The Primary's Over, Prepare for the Runoff
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It's Garcetti and Greuel in the runoff for Mayor of Los Angeles, both opponents of the sales tax increase that went down to defeat. If that means more cuts in services, how will that impact their runoff election in May? What about the influence of organized labor? Despite major political stakes for Los Angeles, voter turnout was 16%. For the LAUSD school board it was six or seven percent. We talk with LA Times columnist Steve Lopez about the latest civic embarrassment. On our rebroadcast of today's To the Point, in death — as in life — Venezuela's Hugo Chavez remains controversial. Will Cuba play a role in choosing his successor?
Banner image: Eric Garcetti (L) and Wendy Greuel (R) celebrate after winning a place in the May mayoral election.
The Primary's Over, Prepare for the Runoff ()
In May's runoff election for Mayor of Los Angeles, City Controller Wendy Greuel will face off against City Councilman Eric Garcetti. Both were opposed to Proposition A, the sales tax increase that went down to a sound defeat in yesterday's election. Garcetti, who touted his role in bringing about pension reform, spoke of a choice in the mayor's race "between someone who is going to be beholden to these [union] interests and somebody who can collaborate, step up and make the tough decisions to keep this city moving forward to balance the budget and to protect the city services we depend on." Greuel, who acknowledge the support of yet another union, assured voters, "That I will do my best to make sure that we can address our fiscal crisis. And that they will be at the table – they've got great ideas, they know better than anybody else how the city operates, and they are willing to sit at the table and negotiate." We discuss election results with a high-powered cadre of political pundits.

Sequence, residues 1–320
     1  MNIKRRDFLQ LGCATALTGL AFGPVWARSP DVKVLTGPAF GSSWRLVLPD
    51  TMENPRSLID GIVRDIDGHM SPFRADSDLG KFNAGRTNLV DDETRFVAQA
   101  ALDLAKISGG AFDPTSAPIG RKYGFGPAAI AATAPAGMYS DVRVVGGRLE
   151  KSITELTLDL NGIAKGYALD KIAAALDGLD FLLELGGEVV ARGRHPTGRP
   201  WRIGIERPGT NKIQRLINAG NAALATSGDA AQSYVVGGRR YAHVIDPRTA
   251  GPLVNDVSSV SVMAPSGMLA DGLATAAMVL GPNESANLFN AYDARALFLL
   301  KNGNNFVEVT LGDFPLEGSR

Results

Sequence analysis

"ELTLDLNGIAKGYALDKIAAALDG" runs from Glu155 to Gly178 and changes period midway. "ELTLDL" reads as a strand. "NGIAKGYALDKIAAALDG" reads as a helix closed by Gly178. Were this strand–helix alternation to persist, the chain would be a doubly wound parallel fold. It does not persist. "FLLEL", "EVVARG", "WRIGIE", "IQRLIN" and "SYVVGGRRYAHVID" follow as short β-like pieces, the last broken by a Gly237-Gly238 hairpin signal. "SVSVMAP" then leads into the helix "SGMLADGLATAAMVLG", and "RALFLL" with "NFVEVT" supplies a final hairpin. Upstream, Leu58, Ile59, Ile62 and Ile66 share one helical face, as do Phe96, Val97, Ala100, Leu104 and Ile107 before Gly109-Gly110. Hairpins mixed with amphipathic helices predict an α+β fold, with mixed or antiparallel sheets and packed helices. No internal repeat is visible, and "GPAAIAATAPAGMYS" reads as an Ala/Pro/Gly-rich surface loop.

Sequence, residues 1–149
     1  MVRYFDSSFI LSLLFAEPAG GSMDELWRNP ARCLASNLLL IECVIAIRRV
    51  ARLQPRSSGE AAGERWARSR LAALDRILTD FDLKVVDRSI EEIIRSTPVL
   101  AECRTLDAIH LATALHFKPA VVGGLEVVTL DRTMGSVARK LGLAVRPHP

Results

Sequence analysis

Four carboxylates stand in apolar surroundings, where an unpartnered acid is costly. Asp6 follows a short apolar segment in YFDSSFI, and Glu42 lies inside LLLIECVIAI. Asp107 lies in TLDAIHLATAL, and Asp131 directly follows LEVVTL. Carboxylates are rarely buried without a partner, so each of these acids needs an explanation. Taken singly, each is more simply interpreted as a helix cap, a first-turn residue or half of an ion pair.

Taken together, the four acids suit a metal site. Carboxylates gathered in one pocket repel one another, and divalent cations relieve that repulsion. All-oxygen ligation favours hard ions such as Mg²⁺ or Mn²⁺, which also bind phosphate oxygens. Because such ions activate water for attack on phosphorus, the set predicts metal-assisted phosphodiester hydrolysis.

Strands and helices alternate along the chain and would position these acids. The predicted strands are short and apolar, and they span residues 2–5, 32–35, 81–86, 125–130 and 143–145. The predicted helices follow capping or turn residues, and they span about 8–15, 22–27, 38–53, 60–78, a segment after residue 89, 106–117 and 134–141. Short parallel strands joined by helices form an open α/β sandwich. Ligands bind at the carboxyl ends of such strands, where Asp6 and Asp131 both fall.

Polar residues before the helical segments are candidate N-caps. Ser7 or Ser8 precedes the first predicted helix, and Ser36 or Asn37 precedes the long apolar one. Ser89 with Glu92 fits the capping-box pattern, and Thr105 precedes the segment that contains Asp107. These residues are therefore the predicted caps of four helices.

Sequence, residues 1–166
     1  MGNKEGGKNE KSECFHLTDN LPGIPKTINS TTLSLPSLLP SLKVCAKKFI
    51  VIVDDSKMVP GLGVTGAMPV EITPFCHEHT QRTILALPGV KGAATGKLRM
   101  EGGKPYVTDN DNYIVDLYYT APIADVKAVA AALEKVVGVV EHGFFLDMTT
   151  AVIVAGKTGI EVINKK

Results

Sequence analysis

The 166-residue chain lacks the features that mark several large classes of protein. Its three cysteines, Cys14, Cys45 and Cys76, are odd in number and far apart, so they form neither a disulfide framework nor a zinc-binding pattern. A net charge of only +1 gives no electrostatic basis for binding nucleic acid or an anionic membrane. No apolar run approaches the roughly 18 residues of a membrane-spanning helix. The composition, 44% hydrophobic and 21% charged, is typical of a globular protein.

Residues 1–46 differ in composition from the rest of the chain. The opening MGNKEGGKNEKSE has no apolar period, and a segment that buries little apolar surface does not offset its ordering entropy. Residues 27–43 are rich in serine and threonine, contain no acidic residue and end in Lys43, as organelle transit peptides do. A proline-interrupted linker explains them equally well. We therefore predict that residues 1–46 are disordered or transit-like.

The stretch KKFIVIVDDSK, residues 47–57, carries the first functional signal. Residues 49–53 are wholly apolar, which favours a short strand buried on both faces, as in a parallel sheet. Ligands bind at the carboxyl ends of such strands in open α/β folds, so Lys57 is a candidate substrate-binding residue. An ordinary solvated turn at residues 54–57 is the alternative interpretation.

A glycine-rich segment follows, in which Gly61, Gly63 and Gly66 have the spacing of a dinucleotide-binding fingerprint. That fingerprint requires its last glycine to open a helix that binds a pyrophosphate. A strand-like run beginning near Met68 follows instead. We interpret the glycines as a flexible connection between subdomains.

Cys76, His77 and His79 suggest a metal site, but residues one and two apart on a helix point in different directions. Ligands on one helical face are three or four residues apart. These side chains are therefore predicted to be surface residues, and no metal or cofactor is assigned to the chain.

- Miguel Santana: Los Angeles City Administrative Officer
- Raphael Sonenshein: California State University, Los Angeles, @PBI
- David Zahniser: Los Angeles Times, @DavidZahniser
- Jon Regardie: Los Angeles Downtown News
Low Voter Turnout Signals Need for a Change ()
They gave an election and almost nobody came. There was a 16 percent turnout in the City of Los Angeles; six or seven percent for the School Board. When we asked on Facebook, several of those who did vote said, "Because I Love LA." Others said it's a right and a privilege that others have fought for and one said, "I can't complain if I don't." In his LA Times column today, Steve Lopez says it's time for a change.
Which Way L.A.? is made possible in part by the Ralph M. Parsons Foundation and the Rosalinde and Arthur Gilbert Foundation.
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